The ease with which the connector 10 may be assembled and/or linked with other objects may be enhanced through the provision of a plurality of tool engagement surfaces 60 that, for example, allow the fitting 15 to be rotated or retained from rotation by a corresponding tool (i.e., wrench, customized tool, etc.). Collar 20 may also include a plurality of tool engagement surfaces
Collar 20 includes an interiorly disposed flange 70 that has a contour that is shaped to drive flexible tubing over barb 35 and neck 25 in the direction of arrow 75 as the collar 20 and fitting 15 are assembled with one another. Flange 70 may have a generally hour-glass shaped cross-section comprising a first inwardly contoured surface 75 and a second inwardly contoured surface 80 that are joined by a smooth shoulder 85.
FIGS. 2 through 5 are cross-sectional views through connector 10 at various states of assembly. As shown in FIG. 2, an end portion 90 of a length of flexible tubing 95 is fitted over the end of barb 35 to an initial assembly position by the user. Barb 35 may be frustoconical with a first outer diameter 100 proximate base 102 and a second outer diameter 105 proximate end 107. Outer diameter 105 may have the same dimension or may be just slightly larger than the interior diameter 110 of tubing 95 to thereby allow the user to initially place the tubing 95 on fitting 15. Once the end of barb 35 is inserted into the open end of flexible tubing 95, the user may continue to drive the end portion 90 either completely over and beyond barb 35 or to the initial assembly position illustrated here. In the initial assembly position, the opening of flexible tubing 95 is proximate the base 102 of the frustoconical barb 35. Outer diameter 100 is larger than diameter 105 thereby causing end portion 90 to conform itself to the shape of barb 35.
FIG. 3 shows the fitting 15 and collar 20 in an initial state of assembly. In this state, only at few of the threads of threaded portions 40 and 45 are engaged with one another. Flange 70 is proximate end 107 of barb 35 and is engaged with the outer wall of end portion 90 of tubing 95. Inwardly contoured surfaces 75 and 80 gradually diminish the interior dimension of collar 20 until joining at shoulder 85. The interior diameter 115 of collar 20 at shoulder 85 and the contour of surfaces 75 and 80 are selected so that the walls of tubing 95 are radially compressed in the direction of arrows 117 and laterally compressed in the direction of arrows 75 and 77 between the flange 70 and the outer surfaces of barb 35 proximate end 105. To this end, the difference between exterior diameter 107 and interior diameter 115 should be less than the thickness 120 of tubing 95 near this location. As a result of this combined radial and lateral compression, end portion 90 is grasped and moved in the direction of arrow 75 by an amount that generally corresponds with the degree to which threaded sections 40 and 45 overlap one another.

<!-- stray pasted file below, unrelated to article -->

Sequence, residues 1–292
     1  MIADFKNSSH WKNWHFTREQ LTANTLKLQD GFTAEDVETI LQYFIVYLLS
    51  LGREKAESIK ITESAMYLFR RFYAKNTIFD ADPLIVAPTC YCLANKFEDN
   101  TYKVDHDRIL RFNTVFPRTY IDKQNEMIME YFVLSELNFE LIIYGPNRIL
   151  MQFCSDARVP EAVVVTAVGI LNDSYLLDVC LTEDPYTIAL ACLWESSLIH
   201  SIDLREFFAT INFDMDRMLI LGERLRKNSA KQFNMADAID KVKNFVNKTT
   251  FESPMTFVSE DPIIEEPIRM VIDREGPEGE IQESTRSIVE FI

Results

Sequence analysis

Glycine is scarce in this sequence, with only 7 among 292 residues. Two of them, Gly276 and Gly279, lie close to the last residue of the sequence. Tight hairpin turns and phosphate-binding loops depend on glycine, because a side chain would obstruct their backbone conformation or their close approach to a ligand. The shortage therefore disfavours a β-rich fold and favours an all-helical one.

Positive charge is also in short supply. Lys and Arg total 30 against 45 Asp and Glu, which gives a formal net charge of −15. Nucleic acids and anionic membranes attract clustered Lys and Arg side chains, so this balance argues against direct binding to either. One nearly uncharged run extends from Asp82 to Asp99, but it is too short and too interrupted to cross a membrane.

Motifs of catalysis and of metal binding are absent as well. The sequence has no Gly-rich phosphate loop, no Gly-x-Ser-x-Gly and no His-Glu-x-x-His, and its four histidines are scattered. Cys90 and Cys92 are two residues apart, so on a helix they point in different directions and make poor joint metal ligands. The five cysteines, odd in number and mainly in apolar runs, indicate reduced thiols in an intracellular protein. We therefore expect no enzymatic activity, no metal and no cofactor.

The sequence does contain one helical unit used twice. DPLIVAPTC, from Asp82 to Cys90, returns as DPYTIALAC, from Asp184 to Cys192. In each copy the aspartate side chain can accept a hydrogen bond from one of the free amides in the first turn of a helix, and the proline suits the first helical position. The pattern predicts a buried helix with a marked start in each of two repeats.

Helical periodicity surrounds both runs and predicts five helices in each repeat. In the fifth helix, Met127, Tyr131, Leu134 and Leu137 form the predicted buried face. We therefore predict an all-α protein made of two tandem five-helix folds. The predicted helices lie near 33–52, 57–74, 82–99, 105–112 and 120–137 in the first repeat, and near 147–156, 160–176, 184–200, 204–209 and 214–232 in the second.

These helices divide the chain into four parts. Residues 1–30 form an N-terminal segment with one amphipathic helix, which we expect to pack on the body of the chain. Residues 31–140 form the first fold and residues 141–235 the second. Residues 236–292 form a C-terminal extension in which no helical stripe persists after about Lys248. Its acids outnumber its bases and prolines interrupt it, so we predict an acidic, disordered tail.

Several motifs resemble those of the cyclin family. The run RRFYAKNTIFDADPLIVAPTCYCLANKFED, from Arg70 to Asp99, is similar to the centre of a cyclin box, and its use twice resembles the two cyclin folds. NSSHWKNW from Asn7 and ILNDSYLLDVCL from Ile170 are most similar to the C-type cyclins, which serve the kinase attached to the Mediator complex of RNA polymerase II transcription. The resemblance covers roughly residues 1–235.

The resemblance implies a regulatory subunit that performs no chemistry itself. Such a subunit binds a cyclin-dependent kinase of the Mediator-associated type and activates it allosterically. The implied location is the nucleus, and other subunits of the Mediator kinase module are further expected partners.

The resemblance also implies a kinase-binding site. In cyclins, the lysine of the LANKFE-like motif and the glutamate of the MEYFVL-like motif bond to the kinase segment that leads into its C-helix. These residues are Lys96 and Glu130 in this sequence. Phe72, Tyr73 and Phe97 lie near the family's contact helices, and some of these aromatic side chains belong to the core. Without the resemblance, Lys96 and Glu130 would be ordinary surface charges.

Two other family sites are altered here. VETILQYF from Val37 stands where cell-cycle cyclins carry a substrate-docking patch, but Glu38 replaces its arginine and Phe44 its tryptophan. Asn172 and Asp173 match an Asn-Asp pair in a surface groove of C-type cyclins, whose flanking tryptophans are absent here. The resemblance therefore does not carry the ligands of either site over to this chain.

FIG. 4 shows the connector 10 at a more advanced stage of assembly than shown in FIG. 3. In this more advanced stage, collar 20 and fitting 15 are driven into further engagement with one another and the overlap between threaded sections 40 and 45 increases. End portion 90 is continuously grasped between the outer surfaces of barb 35 and the surfaces of flange 70 as the fitting 15 and collar 20 are threaded with one another. As a result, end portion 90 of the flexible tubing 95 is pulled in the direction of arrow 75 so that it extends beyond the base 102. At this point, the section of end portion 90 extending beyond base 102 is no longer directly subject to the outward radial forces imposed by barb 35. Consequently, end portion 90 attempts to return to its original shape and size.
FIG. 5 shows the connector 10 in its final, assembled state. In this state, fitting 15 and collar 20 have been driven into engagement with one another so that end 120 of collar 20 abuts stop flange 125 of fitting 15. The shoulder 85 of flange 70 is now proximate end 102 of barb 35 and the end portion 90 of tubing 95 is both radially and laterally compressed and secured between outer surfaces of barb 35 and the interior surfaces of flange 70. End portion 90 has also been driven to a position in which it further extends beyond base 102 of barb 35. Preferably, the section of end portion 90 beyond base 102 extends a sufficient distance beyond barb 35 so that it regains much of its original shape and thereby conforms to and seals with the outer surface of neck 25.
In this state of the illustrated embodiment, the flange 70 may also cooperate with the surfaces of the barb 35 to provide compressive forces that may be used to provide a seal between the tubing 95 and neck 25. For example, the compressive force may be used to prevent disengagement of the flexible tubing 95 from neck 25 where the contents of the tubing is pressurized and/or where a pulling force is exerted on the tubing 95 with respect to the neck 25.
Numerous modifications may be made to the foregoing system without departing from the basic teachings thereof. Although the present invention has been described in substantial detail with reference to one or more specific embodiments, those of skill in the art will recognize that changes may be made thereto without departing from the scope and spirit of the invention as set forth in the appended claims.